rules. The Boosters have been telling residents and donors that
the field should be in place in time for the fall athletic season. A
change order would presumably avoid delay.
Since taxpayers' Community Preservation Funds are involved,
voters may logically want assurance that the town will ensure
proper drainage via a peer review of the drainage plans as well
as a clerk of the works to monitor construction and spending.
After a December 2006 citizens' appeal to DEP of the
Conservation Commission's approval of the field with
conditions, the DEP requested changes in the field and parking
lot drainage. The DEP received a plan for field drainage with the
outfall pipe repositioned outside of the 400-foot radius of Zone I
of the Happy Hollow well field. On May 17, the DEP issued the
Superseding Order reinstating the Concom's conditions and
adding six additional conditions.
The Gale plans call for a swale north of the field to filter the
outflow of water, which is very likely to contain bits of the
pulverized truck tires from the field and resultant products from
the rubber breakdown. (The list of 96 contaminants is too long to
print here.) For those interested, the Swedish Chemicals Agency
recommends not using rubber granules from waste tires in
Turf.pdf. Another site is:
http://www.synturf.org/images/NBI_20Engelsk.pdf. The site
http://www.synturf.org/rubbercrumbtoxic.html has lots of excerpts
from scientific articles under the section "rubber crumb."
Many of these contaminants are known to be harmful to aquatic
life, and the federally protected Sudbury River and its wetlands
are adjacent to the site of the field. The DEP Superseding Order
notes that the Gale plans calling for the pipe and swale,
although outside Zone I, are "within the 100 foot Buffer Zone
associated with BVW (Bordering Vegetated Wetlands)."
One of the looming questions is the proximity of the new swale
to the wetlands as well its capacity. It is not clear that such a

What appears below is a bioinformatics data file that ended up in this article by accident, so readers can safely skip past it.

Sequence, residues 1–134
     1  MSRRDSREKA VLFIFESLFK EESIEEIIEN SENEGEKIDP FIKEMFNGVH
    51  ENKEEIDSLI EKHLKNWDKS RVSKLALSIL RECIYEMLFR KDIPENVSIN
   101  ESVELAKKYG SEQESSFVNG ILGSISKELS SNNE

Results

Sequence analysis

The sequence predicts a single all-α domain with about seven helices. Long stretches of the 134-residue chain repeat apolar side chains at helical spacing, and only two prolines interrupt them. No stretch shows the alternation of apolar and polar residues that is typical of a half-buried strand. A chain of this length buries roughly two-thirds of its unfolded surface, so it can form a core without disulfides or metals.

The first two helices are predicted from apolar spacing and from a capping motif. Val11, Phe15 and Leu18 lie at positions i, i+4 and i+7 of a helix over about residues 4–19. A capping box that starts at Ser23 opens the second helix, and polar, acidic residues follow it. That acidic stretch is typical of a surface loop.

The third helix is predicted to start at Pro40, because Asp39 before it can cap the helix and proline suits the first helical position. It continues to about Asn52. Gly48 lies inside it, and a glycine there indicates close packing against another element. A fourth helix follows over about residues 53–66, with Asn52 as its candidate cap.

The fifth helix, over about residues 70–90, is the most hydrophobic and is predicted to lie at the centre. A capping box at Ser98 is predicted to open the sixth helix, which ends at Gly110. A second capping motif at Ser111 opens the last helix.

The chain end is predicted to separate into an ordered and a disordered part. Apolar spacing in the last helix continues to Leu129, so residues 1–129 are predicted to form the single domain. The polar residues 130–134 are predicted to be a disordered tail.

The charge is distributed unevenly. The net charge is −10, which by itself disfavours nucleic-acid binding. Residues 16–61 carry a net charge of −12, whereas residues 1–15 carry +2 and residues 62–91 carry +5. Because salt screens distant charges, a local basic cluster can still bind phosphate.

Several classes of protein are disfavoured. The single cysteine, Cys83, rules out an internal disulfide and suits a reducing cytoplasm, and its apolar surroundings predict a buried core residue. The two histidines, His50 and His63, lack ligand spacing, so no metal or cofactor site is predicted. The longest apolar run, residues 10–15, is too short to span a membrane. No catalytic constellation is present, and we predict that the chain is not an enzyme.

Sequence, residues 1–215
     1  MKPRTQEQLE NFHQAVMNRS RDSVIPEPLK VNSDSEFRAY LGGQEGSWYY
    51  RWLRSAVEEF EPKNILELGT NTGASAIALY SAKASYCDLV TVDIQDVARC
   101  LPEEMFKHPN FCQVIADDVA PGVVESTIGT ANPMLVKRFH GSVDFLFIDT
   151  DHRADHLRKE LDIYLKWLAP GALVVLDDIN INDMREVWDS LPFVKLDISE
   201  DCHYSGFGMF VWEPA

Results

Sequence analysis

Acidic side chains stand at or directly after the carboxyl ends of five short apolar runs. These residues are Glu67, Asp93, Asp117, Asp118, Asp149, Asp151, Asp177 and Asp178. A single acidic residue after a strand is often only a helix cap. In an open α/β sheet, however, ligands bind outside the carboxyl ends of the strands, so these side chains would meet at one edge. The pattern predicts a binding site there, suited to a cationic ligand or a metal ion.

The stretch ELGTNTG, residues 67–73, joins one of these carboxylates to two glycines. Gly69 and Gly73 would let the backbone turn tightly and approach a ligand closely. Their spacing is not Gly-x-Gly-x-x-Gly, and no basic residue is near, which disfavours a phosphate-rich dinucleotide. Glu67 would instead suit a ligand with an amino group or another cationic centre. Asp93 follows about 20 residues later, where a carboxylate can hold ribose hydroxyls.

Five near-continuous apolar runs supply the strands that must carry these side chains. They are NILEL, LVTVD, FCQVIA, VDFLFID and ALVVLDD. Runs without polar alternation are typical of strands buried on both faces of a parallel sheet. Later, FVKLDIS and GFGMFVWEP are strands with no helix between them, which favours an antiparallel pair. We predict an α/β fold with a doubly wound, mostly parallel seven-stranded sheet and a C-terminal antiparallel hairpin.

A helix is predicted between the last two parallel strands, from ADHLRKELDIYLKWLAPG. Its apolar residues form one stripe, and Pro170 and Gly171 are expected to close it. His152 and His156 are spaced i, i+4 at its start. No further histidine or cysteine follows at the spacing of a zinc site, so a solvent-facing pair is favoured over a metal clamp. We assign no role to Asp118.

discharge as proposed by Gale is feasible given the letter
submitted to the DEP by Elizabeth Herland of the Fish and
Wildlife Service, who manages the Sudbury River refuge.
In her letter of May 15, which may have crossed in the mail with
the DEP permit, she states: "It will not be acceptable to have any
runoff from this project affect refuge lands. The Service will not
grant a drainage easement for this project I respectfully
request that the applicant provide documentation depicting the
extent of flow from the drainage outfall location, including during
peak rainfall events. This should include the calculations of how
the drainage will be affected when the Sudbury River is at flood
stage, which generally occurs once or twice a year. This
calculation of flow should be provided on a map which indicates
the location of the refuge boundary. It would be preferable for the
applicant to design a retention system on the high school
property so that concerns about drainage and flooding can be
eliminated.In particular, a complete pollution elimination system
should be required if questions in the appeal cannot be
The citizens' appeal states: "We are seeking appropriate
modifications to the Project which will ensure that the quality of
the water leaving the Project (either surface or subsurface flow)
does not degrade the source waters of the Happy Hollow wells
and the wetlands bordering the Sudbury River.
"We respectfully request that the Department revisit our concerns
regarding potential for toxic tire leachates to degrade vital
drinking water aquifer sources and cause environmental
degradation to fish and aquatic species in the receiving
wetlands and that possible remedies presented by us in our
original Appeal be incorporated in a Final Order."
The challenge of where to put field runoff and its leachates -- not
too close to the wells, and not too close to the Great Meadows --
serves to highlight site issues that the High School Building
Committee should be examining.
Though artificial turf is widely used, the specific technology
planned for Wayland is less than a decade old, and there is
disagreement in some other Massachusetts communities over
possible environmental hazards and also the legality of using
Community Preservation funds. Some are pondering a
regulation that would prohibit construction of artificial turf fields in
Zone II. The High School project, barely outside of Zone I, is in
Zone II. Zones I and II are designations of areas that require
protection because they contribute water to the well fields.
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Michael Short, Editor